The highest form of worship is the worship of unselfish Christian service. The greatest form of praise is the sound of consecrated feet seeking out the lost and helpless.
1 Corinthians 12:14-26
The Message (MSG)
14-18 I want you to think about how all this makes you more significant, not less. A body isn’t just a single part blown up into something huge. It’s all the different-but-similar parts arranged and functioning together. If Foot said, “I’m not elegant like Hand, embellished with rings; I guess I don’t belong to this body,” would that make it so? If Ear said, “I’m not beautiful like Eye, limpid and expressive; I don’t deserve a place on the head,” would you want to remove it from the body? If the body was all eye, how could it hear? If all ear, how could it smell? As it is, we see that God has carefully placed each part of the body right where he wanted it.
19-24 But I also want you to think about how this keeps your significance from getting blown up into self-importance. For no matter how significant you are, it is only because of what you are a part of. An enormous eye or a gigantic hand wouldn’t be a body, but a monster. What we have is one body with many parts, each its proper size and in its proper place. No part is important on its own. Can you imagine Eye telling Hand, “Get lost; I don’t need you”? Or, Head telling Foot, “You’re fired; your job has been phased out”? As a matter of fact, in practice it works the other way—the “lower” the part, the more basic, and therefore necessary. You can live without an eye, for instance, but not without a stomach. When it’s a part of your own body you are concerned with, it makes no difference whether the part is visible or clothed, higher or lower. You give it dignity and honor just as it is, without comparisons. If anything, you have more concern for the lower parts than the higher. If you had to choose, wouldn’t you prefer good digestion to full-bodied hair?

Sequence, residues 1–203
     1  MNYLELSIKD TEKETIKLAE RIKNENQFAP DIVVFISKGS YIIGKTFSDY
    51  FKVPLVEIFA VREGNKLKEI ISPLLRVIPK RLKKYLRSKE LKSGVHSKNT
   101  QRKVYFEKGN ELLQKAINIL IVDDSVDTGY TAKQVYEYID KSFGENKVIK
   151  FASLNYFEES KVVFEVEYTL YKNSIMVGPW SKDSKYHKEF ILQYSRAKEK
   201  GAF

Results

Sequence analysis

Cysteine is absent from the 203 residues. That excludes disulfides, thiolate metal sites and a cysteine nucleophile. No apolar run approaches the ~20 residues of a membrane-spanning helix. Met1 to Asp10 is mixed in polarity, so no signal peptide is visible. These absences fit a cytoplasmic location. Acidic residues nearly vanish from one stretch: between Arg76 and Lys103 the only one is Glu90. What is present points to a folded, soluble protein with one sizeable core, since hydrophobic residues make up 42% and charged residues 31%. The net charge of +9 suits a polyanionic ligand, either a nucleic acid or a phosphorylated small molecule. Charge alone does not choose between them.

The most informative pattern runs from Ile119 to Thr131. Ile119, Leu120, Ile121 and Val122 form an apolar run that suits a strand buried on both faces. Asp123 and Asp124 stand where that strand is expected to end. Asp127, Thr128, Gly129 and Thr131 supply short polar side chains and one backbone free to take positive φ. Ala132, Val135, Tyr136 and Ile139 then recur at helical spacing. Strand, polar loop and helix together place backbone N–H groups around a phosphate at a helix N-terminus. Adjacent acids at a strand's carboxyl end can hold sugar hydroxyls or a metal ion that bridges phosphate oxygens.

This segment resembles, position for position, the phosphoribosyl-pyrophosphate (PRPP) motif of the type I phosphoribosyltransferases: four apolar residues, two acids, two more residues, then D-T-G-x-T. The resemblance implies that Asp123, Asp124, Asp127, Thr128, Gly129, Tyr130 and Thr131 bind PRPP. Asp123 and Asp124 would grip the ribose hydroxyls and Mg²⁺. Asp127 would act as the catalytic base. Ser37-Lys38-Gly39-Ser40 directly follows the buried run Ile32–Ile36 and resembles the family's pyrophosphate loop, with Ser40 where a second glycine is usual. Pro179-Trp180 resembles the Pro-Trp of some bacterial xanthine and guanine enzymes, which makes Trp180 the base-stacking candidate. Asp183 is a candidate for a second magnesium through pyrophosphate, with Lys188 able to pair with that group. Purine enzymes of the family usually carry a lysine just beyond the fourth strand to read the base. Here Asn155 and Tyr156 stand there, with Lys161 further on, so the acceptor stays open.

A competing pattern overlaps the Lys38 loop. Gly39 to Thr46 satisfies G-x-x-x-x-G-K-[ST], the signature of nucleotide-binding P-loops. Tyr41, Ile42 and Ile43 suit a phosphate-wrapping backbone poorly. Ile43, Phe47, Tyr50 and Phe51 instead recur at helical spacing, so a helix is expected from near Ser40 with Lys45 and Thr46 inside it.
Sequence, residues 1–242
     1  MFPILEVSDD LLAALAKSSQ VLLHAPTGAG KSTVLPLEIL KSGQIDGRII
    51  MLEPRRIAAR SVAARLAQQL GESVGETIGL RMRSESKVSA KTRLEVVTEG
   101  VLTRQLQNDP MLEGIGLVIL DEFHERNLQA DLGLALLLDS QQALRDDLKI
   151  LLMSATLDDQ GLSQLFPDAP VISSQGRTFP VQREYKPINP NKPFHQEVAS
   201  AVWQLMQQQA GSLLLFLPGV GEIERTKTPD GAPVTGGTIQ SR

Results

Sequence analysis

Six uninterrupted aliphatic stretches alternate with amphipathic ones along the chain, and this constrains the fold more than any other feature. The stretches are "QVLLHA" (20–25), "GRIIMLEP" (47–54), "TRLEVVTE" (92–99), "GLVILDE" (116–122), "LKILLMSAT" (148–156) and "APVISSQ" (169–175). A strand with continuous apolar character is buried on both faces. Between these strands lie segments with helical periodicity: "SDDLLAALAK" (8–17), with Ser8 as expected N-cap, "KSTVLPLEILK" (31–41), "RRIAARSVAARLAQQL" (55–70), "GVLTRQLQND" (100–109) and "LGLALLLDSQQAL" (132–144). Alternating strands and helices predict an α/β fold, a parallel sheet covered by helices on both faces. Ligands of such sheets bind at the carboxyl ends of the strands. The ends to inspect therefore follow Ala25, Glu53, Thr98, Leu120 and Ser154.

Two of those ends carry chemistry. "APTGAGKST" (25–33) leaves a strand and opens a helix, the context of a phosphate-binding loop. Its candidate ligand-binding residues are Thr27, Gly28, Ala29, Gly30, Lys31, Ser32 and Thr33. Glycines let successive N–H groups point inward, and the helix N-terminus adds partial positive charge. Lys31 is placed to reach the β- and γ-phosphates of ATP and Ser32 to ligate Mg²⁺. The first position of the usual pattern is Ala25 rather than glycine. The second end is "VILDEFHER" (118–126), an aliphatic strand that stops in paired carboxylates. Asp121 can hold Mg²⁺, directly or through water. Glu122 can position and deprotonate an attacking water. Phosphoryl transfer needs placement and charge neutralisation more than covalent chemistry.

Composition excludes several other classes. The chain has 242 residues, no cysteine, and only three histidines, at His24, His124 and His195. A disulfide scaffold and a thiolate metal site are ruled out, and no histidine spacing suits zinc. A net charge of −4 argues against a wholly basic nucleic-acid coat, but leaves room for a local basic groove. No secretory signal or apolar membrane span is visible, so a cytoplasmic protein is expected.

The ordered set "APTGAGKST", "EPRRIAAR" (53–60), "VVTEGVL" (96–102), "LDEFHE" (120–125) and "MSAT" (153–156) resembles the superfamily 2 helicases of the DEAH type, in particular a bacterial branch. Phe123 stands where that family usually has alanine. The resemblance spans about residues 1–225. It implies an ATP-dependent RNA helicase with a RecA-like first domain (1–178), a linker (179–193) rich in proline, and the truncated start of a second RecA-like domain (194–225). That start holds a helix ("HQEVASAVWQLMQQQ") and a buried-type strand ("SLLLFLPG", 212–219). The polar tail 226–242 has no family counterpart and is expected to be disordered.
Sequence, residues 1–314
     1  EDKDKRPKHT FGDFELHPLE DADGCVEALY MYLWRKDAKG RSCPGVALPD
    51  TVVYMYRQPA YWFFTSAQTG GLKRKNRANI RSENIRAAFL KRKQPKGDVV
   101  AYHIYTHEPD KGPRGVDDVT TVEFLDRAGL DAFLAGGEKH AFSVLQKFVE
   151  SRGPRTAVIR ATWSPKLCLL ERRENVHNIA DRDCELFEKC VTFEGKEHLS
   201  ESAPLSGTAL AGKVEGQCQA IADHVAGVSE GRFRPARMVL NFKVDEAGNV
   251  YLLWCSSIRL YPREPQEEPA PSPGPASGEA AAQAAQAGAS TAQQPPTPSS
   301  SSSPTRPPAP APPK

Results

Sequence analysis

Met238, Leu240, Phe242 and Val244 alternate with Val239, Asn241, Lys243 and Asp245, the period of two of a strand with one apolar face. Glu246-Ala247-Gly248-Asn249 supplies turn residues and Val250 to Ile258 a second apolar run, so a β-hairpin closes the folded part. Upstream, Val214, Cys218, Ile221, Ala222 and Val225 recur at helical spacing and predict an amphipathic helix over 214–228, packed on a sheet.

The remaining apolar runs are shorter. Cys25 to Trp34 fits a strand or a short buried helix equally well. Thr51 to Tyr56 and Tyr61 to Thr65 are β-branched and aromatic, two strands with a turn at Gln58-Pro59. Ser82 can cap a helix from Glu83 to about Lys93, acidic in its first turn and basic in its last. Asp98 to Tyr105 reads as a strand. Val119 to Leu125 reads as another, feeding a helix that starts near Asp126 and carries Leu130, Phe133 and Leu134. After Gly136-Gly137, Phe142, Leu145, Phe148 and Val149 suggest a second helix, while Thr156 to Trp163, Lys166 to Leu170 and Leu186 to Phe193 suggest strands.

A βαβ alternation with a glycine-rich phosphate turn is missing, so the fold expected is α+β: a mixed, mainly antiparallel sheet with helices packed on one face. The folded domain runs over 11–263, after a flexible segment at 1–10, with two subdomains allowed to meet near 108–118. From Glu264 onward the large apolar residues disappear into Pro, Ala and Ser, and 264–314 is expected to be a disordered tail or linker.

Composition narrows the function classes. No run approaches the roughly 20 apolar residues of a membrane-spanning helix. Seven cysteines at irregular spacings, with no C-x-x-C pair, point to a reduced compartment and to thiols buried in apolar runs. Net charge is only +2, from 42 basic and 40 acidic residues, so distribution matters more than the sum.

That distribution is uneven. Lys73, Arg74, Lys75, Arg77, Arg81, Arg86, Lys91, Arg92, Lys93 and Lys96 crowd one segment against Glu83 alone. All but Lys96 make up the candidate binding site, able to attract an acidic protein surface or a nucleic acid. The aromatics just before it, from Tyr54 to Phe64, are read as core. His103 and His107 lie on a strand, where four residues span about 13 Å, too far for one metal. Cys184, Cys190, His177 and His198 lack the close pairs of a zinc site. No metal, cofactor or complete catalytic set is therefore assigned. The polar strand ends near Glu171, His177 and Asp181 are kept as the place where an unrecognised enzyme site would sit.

25-26 The way God designed our bodies is a model for understanding our lives together as a church: every part dependent on every other part, the parts we mention and the parts we don’t, the parts we see and the parts we don’t. If one part hurts, every other part is involved in the hurt, and in the healing. If one part flourishes, every other part enters into the exuberance.
Recently I heard of a sport that challenges my imagination–I can’t comprehend why anyone would play it. It’s called “Toe Wrestling.” Every year, people from across the globe gather in England for the world championships. Competitors sit on the ground facing each other and then lock the big toe of the other’s bare foot. The object is to pin the opponent’s foot in a manner similar to the way an arm wrestler pins a competitor’s wrist. It sounds strange to me.
In a way, however, this unusual competition on gives honor to a part of the body that’s largely ignored-until we drop something on it. Our toes and feet are vital parts of our anatomy, yet we pay little attention to them unless they hurt. Perhaps that’s why paul used the foot to remind us that there are no unimportant parts in the body of Christ. In 1 Corinthians 12:15 he said, “If the foot should say, “Because I am not a hand, I am not of the body,’ is it therefore not of the body?” The only correct answer: “Of course it’s part of the body.”
Paul wants us to realize that each person in the body of Christ is important. Even if you think of yourself as the most overlooked and ignored member of the body of Christ, you have value. And you can honor God like a true champion by using your unique skills for God’s glory.
God builds His church with different stones,
He makes each one belong;
All shapes and sizes fit in place
To make the structure strong.
The lord uses small tools to perform large task.